The Answer is Yes: It is a True Car Replacement

Here we are, 500 words in, and I’m just now getting to the bike review. That’s how it goes. I’m a fan of establishing intent and context in my reviews. It’s gotta be my design school training or something. What was my intent in this review? To embrace the Orox to all but eliminate the need for “car hauling” trips, in a controlled use case experience anyway. We don’t generally drive around town, even in the winter months, so this was more of an experiment to uncloak if the average American could use the Orox in such a way.

The two ways we use the car here are for big grocery hauls and when we’re both too tired after a big day of physical activities to ride across town.

People Haulin’

The Orox has a super comfy cargo seat in the configuration we reviewed. With a back rest, a comfy, long seat, and two arm rests/grips. We don’t have children, so I hauled Cari around on the bike any time I took it out just to get a feel for how it rode with the weight of two adults on it. We’ll get to that later, but let’s talk about how people occupy the rear cargo space.

A very nice feature on the Orox is the fold-out foot rest. When closed (via a locking/indexed spring plug), these shelves keep the panniers inboard of the bike, eliminating any protruding bulk. When open, they provide a foot shelf. Granted, Cari is a 45-year-old woman, so her legs were long enough to reach these foot rests. Small children might not be able to reach them.

Tern offers a variety of accessories designed to safely haul kiddos around from rain enclosures that fit around the seat, to seatbelts, wheel spoke/feet guards, etc. There’s even a bike hauling Tow Kit!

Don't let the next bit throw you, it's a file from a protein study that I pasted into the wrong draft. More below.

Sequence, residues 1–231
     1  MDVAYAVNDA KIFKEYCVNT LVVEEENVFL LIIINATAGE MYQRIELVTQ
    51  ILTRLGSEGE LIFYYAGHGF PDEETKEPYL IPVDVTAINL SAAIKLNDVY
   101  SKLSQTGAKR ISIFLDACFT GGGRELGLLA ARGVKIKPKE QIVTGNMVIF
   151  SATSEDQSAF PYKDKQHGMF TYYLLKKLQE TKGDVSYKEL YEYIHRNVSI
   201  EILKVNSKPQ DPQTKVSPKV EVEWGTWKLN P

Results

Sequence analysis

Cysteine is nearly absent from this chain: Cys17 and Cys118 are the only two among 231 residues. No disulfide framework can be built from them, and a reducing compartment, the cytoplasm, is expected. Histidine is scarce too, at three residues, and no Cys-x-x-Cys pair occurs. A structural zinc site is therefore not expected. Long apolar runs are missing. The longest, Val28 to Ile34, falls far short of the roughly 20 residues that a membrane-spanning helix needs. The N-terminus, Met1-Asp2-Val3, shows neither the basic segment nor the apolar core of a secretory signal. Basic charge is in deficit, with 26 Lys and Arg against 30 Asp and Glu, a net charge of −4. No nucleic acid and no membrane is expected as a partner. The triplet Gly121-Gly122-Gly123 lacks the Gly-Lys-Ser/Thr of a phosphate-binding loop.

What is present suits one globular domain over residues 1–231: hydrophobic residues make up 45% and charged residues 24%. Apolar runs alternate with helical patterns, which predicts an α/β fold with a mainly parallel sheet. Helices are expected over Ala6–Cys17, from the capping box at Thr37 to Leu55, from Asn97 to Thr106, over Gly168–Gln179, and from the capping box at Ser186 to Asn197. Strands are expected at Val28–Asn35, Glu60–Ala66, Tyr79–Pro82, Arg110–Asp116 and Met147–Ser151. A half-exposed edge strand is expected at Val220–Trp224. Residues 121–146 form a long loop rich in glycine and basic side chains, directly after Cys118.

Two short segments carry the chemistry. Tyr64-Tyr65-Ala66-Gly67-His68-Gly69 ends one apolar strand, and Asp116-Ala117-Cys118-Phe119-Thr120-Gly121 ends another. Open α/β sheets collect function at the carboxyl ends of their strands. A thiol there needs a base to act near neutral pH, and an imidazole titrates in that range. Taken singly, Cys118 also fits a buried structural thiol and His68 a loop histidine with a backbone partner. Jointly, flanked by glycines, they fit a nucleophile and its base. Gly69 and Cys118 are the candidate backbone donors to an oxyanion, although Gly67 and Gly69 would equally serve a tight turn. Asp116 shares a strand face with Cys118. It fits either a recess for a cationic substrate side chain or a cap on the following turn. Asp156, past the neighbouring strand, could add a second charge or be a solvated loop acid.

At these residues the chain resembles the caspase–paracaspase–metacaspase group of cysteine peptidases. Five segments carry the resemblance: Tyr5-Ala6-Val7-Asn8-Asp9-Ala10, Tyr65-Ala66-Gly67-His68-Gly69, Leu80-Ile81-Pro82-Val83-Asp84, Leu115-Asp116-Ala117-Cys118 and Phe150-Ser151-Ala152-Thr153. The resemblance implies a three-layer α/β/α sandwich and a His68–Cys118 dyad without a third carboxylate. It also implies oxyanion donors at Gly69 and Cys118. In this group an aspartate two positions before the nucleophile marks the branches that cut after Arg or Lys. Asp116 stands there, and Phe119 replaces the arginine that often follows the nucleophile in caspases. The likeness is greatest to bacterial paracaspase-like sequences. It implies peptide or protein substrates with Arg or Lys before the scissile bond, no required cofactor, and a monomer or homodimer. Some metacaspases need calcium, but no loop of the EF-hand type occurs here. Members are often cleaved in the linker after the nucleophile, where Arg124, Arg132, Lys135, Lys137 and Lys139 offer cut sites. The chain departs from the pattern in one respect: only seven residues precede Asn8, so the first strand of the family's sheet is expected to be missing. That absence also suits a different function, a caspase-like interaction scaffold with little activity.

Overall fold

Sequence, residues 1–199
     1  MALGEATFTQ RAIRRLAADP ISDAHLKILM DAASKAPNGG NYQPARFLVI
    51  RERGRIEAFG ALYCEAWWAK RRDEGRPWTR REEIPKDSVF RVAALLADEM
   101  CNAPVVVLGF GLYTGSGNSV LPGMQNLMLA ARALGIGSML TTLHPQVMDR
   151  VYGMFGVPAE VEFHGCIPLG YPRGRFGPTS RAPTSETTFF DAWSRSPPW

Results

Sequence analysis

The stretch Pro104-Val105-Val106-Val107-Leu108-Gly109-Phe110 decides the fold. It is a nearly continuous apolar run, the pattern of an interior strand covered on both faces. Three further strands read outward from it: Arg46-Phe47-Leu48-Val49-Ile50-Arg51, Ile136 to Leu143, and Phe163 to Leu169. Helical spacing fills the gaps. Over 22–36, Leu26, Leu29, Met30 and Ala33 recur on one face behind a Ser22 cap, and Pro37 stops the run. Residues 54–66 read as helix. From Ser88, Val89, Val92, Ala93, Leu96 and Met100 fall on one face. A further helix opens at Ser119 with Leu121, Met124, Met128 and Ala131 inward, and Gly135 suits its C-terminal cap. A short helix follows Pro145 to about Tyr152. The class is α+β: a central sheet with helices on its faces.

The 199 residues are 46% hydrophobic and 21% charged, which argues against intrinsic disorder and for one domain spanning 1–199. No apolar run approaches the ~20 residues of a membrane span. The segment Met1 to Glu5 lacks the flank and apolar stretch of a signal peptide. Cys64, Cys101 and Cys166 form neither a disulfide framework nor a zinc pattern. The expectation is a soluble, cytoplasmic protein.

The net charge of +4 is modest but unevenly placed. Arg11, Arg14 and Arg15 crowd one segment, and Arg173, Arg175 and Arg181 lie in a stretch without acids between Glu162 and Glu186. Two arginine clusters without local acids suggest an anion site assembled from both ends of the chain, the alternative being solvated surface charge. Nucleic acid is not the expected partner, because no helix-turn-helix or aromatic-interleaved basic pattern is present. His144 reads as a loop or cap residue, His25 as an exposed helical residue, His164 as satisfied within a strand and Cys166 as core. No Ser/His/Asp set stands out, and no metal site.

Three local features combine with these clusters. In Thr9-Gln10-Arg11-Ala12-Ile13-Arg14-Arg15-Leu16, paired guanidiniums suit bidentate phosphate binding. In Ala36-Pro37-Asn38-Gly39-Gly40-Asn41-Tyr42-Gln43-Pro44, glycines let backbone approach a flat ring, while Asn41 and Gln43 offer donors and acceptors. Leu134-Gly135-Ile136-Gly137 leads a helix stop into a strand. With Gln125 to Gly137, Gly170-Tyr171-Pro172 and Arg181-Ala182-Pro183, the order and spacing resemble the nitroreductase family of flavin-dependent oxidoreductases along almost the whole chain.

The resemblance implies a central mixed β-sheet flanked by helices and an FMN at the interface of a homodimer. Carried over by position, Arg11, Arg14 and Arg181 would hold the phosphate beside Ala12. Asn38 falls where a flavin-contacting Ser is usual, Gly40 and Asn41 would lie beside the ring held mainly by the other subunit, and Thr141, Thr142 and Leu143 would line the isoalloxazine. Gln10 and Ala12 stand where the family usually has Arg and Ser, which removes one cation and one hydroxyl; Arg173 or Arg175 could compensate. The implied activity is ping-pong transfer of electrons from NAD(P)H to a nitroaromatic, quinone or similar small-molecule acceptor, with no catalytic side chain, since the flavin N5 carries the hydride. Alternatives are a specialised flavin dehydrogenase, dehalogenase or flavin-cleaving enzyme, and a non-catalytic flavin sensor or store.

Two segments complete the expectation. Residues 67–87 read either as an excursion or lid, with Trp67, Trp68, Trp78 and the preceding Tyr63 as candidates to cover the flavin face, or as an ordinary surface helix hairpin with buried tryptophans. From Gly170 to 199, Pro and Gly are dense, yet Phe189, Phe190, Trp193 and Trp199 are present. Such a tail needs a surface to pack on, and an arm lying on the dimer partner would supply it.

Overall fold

With an adult passenger, they had to be mindful of their movements. When I was toting Cari around, she had to anticipate turns, much like a passenger on a motorcycle. However, the long tail of the Orox greatly helped with passenger, and thus driver, stability. It took both of us just one trip to get the hang of it. Hauling Cari around was always a hoot. People clapped, shot photos of us on their cell phones, and always asked the question: what’s it like without any rear suspension?

Sans Suspension

Offering a brief departure from our use case, let me say that these 27.5+ tires, inflated to around 20 psi in the rear and 16 in the front, were all the suspension I needed for our horrible roads here in Santa Fe. Potholes, speed bumps, and even rolling up curbs were a cinch! Even for Cari, whose majority of her weight was behind the rear hub, at the end of a trussed aluminum structure was plenty comfy.

Suspension components would considerably increase the bike’s weight and add to more maintenance over time.

Regarding the tires and wheel size, I was happy with the 27.5 x 4″ tire configuration because I used the higher-volume tires to smooth out the ride quality. Tern also makes the Orox in a 29 x 2.6″ wheeled chassis, but the tires aren’t nearly as large. For longevity, something to consider is that 29er tires in the 2.6″ range will be around longer than 27.5+ tires; in my opinion, anyway. I rode the bike on plenty of icy and snowy days here in Santa Fe and found the larger footprint of the 27.5+ tires to be quite helpful in terms of traction.

Grocery Gettin’

We are privileged to live close to multiple grocery stores, which was a requisite for us buying our home. We wanted to be within walking distance of many daily needs. On multiple grocery runs, Cari would ride on the back of the Orox; we’d lock it up and load between two days and two weeks’ worth of groceries.

On the day I brought a camera along, it was more like two days’ worth for illustrative purposes.

The Tern panniers designed for the Orox are massive. They offer a whopping 72 liters or 44 lb of capacity, and even though these photos are from a bright and sunny day, they came in handy when it was snowing, sleeting, or raining. With the bags completely stuffed, the bike’s long, trussed rear end provided ample heel clearance.